DAVID CRARY and KEITH SRAKOCIC Associated Press LISBON, Ohio (AP) — Nic Talbott keeps himself busy, working as a substitute teacher, studying for a master's degree, helping with chores at his grandmother's farm. He also finds time, almost daily, for rigorous workouts — to ensure he is in shape in case his dream job, serving in the U.S. military, becomes available. For now, that door is closed to him by the Trump administration for one reason: He's transgender. Talbott, 26, was elated in 2016 when the Pentagon — with a green light from then-President Barack Obama — announced that transgender people already serving in the military would be allowed to do so openly. President Donald Trump, six months after replacing Obama, announced with a tweet in July 2017 that he would reverse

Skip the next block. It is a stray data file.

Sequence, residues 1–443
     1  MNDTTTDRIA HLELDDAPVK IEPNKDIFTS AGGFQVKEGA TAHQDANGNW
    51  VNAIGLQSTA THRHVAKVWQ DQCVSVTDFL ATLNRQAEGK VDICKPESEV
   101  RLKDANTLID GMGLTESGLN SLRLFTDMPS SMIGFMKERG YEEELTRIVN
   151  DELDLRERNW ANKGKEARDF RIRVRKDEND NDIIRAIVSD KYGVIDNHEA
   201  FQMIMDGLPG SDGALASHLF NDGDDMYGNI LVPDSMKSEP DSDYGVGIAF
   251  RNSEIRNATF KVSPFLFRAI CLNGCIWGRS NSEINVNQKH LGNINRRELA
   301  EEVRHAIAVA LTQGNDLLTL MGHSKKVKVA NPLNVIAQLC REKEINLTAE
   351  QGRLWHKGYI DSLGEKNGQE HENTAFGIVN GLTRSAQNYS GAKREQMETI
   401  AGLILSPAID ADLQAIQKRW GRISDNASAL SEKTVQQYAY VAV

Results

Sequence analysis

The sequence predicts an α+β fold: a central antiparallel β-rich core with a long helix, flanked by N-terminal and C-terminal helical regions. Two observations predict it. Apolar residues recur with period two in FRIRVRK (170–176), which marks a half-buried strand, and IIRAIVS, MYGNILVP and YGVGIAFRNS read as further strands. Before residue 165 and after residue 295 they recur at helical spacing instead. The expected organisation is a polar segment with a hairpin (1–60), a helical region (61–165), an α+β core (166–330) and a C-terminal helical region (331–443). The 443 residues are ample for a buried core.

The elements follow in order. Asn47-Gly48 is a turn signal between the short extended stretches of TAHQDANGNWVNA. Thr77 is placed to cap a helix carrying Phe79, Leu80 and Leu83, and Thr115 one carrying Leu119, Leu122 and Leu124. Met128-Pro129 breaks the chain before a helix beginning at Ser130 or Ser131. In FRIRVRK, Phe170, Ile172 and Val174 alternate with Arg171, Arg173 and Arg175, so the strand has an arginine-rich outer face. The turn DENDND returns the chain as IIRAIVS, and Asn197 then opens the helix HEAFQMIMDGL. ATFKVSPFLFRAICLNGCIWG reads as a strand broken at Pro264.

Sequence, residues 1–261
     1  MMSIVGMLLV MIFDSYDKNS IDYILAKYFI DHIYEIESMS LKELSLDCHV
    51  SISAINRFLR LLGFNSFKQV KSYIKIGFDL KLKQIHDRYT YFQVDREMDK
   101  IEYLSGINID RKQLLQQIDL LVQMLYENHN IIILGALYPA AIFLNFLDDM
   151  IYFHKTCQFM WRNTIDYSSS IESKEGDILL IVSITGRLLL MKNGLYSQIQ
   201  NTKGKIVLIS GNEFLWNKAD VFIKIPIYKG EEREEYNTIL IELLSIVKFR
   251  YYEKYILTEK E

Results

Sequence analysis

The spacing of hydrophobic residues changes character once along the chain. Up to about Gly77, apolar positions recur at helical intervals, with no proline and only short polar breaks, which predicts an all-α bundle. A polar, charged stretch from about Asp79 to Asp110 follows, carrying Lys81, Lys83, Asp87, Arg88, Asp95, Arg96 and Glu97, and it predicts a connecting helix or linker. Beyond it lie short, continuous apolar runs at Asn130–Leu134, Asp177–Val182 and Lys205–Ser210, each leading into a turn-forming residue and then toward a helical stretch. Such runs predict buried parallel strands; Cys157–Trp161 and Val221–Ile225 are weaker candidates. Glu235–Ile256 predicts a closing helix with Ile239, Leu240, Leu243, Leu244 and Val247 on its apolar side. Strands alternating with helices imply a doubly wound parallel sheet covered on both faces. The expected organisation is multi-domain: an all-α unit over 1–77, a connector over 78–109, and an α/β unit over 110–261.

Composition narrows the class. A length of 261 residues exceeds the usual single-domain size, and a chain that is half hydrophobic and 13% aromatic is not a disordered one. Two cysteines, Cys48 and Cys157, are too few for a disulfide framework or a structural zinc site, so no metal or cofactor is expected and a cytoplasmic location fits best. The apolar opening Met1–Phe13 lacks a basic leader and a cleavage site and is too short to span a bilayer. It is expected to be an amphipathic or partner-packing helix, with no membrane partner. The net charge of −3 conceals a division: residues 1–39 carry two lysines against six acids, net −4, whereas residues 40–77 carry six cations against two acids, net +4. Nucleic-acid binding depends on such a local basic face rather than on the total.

Subscribe or log in to read the rest of this content.